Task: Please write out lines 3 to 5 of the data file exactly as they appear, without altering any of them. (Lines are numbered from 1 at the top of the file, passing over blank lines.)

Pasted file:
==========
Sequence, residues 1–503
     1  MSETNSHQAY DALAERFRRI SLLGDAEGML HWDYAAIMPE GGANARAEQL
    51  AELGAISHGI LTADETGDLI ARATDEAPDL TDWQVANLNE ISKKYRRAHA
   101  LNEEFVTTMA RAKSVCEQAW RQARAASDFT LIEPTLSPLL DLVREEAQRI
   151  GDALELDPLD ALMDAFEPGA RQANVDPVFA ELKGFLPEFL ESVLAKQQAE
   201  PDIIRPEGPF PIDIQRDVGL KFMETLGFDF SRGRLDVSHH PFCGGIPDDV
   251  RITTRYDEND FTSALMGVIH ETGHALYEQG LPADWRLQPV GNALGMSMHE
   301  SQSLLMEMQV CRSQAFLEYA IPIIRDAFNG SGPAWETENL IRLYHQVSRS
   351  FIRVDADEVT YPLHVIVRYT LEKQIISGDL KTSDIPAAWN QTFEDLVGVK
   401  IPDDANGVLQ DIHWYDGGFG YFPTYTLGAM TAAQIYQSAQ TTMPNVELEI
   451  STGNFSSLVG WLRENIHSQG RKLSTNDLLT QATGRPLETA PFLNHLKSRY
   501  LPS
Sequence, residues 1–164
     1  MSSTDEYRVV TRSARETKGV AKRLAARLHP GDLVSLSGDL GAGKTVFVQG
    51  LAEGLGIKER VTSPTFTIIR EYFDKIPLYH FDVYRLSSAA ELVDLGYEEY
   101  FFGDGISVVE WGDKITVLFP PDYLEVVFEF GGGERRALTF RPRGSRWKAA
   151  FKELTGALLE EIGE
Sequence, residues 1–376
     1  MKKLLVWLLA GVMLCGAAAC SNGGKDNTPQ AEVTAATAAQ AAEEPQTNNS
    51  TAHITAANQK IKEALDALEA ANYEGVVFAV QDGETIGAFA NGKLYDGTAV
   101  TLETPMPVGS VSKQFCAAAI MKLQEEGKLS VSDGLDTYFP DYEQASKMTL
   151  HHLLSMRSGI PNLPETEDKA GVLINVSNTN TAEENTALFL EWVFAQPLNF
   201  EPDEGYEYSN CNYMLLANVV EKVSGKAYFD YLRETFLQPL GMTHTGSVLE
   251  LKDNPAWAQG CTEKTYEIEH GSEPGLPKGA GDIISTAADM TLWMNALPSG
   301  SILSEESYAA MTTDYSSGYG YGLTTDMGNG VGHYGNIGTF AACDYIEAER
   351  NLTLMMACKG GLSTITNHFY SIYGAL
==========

    51  AELGAISHGI LTADETGDLI ARATDEAPDL TDWQVANLNE ISKKYRRAHA
   101  LNEEFVTTMA RAKSVCEQAW RQARAASDFT LIEPTLSPLL DLVREEAQRI
   151  GDALELDPLD ALMDAFEPGA RQANVDPVFA ELKGFLPEFL ESVLAKQQAE